That the definition above given of God is true appears from the fact, that by God we mean a Being supremely perfect and absolutely infinite. That such a Being exists may easily be proved from the definition; but as this is not the place for such proof, I will pass it over. What I am bound here to prove, in order to satisfy the first inquiry of my distinguished questioner, are the following consequences; first, that in the universe there cannot exist two substances without their differing utterly in essence; secondly, that substance cannot be produced or created—existence pertains to its actual essence; thirdly, that all substance must be infinite or supremely perfect after its kind.

When these points have been demonstrated, my distinguished questioner will readily perceive my drift, if he reflects at the same time on the definition of God. In order to prove them clearly and briefly, I can think of nothing better than to submit them to the bar of your judgment proved in the geometrical method. 1 I therefore enclose them separately and await your verdict upon them.

Again, you ask me what errors I detect in the Cartesian and Baconian philosophies. It is not my custom to expose the errors of others, nevertheless I will yield to your request. The first and the greatest error is, that these philosophers have strayed so far from the knowledge of the first cause and origin of all things; the second is, that they did not know the true nature of the human mind; the third, that they never grasped the true cause of error. The necessity for correct knowledge on these three points can only be ignored by persons completely devoid of learning and training.

That they have wandered astray from the knowledge of the first cause, and of the human mind, may easily be gathered from the truth of the three propositions given above; I therefore devote myself entirely to the demonstration of the third error. Of Bacon I shall say very little, for he speaks very confusedly on the point, and works out scarcely any proofs: he simply narrates. In the first place he assumes, that the human intellect is liable to err, not only through the fallibility of the senses, but also solely through its own nature, and that it frames its conceptions in accordance with the analogy of its own nature, not with the analogy of the universe, so that it is like a mirror receiving rays from external objects unequally, and mingling its own nature with the nature of things, &c.

Secondly, that the human intellect is, by reason of its own nature, prone to abstractions; such things as are in flux it feigns to be constant, &c.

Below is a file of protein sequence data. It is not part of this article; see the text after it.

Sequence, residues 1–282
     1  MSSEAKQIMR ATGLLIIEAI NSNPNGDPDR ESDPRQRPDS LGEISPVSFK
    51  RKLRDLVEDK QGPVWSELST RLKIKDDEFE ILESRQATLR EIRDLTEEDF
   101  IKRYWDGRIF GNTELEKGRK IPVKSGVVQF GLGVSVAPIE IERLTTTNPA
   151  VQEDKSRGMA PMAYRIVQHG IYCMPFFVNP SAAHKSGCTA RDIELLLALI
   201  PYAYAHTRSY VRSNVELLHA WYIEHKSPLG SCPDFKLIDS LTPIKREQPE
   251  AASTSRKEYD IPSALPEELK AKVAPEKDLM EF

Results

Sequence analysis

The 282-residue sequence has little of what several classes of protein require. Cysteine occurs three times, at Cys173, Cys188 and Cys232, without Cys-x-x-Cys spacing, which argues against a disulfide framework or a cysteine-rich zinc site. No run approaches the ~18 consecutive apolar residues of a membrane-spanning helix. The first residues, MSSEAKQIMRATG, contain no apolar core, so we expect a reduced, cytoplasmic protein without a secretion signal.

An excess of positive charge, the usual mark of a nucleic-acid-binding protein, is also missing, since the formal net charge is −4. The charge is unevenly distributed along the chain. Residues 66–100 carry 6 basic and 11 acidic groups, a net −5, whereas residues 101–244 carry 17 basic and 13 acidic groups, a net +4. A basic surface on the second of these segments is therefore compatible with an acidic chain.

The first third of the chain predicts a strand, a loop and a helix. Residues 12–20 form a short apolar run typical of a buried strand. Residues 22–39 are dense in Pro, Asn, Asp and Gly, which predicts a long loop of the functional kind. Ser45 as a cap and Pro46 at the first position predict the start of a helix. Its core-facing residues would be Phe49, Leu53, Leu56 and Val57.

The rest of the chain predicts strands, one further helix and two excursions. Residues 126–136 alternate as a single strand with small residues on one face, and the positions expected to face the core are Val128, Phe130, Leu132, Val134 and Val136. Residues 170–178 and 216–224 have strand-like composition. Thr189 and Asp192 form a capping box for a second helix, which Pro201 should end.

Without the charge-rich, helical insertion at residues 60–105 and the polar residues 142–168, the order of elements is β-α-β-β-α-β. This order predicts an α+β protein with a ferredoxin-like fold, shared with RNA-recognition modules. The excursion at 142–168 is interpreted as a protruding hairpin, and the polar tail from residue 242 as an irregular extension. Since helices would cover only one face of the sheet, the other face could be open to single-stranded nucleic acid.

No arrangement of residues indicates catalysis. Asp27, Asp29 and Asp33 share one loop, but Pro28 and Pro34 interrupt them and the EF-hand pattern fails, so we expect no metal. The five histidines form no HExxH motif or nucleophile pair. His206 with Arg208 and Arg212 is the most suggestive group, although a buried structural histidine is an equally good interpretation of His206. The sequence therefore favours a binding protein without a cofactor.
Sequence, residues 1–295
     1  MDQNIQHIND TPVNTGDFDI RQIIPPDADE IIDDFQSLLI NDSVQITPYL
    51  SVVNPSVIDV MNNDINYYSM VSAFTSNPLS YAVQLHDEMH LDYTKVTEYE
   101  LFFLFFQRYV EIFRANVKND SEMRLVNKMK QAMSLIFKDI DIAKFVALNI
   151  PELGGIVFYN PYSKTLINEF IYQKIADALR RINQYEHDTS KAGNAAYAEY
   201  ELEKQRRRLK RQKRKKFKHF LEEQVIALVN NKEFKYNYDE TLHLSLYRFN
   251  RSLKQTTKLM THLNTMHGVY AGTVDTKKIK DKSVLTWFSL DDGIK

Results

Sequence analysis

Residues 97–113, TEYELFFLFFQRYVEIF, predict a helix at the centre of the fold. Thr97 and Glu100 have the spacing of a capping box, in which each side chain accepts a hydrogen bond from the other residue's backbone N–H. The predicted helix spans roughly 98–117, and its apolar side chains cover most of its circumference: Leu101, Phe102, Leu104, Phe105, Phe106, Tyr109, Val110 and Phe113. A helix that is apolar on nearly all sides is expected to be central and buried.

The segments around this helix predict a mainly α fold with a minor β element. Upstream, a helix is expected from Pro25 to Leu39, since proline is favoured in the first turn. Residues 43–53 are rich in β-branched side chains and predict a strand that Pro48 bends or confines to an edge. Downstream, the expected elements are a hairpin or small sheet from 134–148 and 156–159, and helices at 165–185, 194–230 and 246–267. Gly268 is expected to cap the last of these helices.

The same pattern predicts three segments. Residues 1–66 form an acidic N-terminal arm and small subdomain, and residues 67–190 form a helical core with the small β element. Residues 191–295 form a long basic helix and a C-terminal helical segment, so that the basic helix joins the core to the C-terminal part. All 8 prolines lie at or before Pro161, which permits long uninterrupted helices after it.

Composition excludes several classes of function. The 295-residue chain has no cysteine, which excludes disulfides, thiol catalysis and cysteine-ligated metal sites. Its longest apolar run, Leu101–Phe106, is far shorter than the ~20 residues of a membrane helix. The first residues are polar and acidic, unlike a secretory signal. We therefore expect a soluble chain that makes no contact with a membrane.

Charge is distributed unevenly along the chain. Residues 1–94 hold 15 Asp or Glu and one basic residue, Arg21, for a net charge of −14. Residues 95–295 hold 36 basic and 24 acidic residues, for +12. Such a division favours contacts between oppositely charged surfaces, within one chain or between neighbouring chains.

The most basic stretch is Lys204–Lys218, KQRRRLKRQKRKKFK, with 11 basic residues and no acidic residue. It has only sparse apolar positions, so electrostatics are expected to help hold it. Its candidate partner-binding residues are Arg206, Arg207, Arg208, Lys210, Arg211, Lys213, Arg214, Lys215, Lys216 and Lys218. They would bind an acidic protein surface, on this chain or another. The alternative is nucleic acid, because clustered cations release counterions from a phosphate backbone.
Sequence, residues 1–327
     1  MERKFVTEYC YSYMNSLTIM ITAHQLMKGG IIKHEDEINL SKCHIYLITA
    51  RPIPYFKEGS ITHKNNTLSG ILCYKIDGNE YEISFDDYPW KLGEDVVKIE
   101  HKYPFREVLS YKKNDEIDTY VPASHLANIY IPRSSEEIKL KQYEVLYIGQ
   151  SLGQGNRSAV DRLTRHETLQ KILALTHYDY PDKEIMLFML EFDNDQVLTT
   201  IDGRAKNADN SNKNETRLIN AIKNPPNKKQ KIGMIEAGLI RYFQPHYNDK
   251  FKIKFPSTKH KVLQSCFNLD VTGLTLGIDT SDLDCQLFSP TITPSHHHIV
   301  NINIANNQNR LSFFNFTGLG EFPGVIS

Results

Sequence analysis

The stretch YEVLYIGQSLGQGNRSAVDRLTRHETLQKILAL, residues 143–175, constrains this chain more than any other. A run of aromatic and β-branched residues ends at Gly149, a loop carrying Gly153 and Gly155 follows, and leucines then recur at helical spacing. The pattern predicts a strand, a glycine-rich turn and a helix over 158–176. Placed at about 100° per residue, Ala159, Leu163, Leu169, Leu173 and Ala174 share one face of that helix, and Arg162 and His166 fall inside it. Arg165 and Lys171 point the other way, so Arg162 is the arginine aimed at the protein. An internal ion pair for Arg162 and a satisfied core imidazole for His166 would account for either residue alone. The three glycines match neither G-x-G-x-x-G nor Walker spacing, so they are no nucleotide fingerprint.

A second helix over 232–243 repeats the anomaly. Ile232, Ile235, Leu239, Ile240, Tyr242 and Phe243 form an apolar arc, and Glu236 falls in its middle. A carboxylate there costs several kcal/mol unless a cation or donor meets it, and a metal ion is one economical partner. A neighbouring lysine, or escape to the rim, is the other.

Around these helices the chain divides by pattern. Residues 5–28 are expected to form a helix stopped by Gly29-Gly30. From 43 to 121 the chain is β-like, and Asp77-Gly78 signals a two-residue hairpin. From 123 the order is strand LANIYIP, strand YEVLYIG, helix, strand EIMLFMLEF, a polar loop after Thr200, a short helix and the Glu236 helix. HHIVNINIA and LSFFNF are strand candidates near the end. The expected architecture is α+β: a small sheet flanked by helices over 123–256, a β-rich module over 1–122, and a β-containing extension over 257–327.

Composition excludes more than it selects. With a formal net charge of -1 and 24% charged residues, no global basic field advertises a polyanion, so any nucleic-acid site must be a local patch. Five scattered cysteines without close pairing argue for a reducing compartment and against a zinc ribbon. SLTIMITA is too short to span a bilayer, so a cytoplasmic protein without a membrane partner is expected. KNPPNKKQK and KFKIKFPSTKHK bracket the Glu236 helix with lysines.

Thirdly, that the human intellect continually augments, and is unable to come to a stand or to rest content. The other causes which he assigns may all be reduced to the one Cartesian principle, that the human will is free and more extensive than the intellect, or, as Verulam himself more confusedly puts it, that the understanding is not a dry light, but receives infusion from the will. 1 (We may here observe that Verulam often employs intellect as synonymous with mind, differing in this respect from Descartes). This cause, then, leaving aside the others as unimportant, I shall show to be false; indeed its falsity would be evident to its supporters, if they would consider, that will in general differs from this or that particular volition in the same way as whiteness differs from this or that white object, or humanity from this or that man. It is, therefore, as impossible to conceive, that will is the cause of a given volition, as to conceive that humanity is the cause of Peter and Paul.

Hence, as will is merely an entity of the reason, and cannot be called the cause of particular volitions, and as some cause is needed for the existence of such volitions, these latter cannot be called free, but are necessarily such as they are determined by their causes; lastly, according to Descartes, errors are themselves particular volitions; hence it necessarily follows that errors, or, in other words, particular volitions, are not free, but are determined by external causes, and in nowise by the will. This is what I undertook to prove.

LETTER III.

OLDENBURG TO SPINOZA.

[Oldenburg propounds several questions concerning God and His existence, thought, and the axioms of Eth. I. He also informs Spinoza of a philosophical society, and promises to send Boyle’s book.]

Most Excellent Friend, Your learned letter has been delivered to me, and read with great pleasure.

I highly approve of your geometrical method of proof, but I must set it down to my dulness, that I cannot follow with readiness what you set forth with such accuracy. Suffer me, then, I beg, to expose the slowness of my understanding, while I put the following questions, and beg of you to answer them.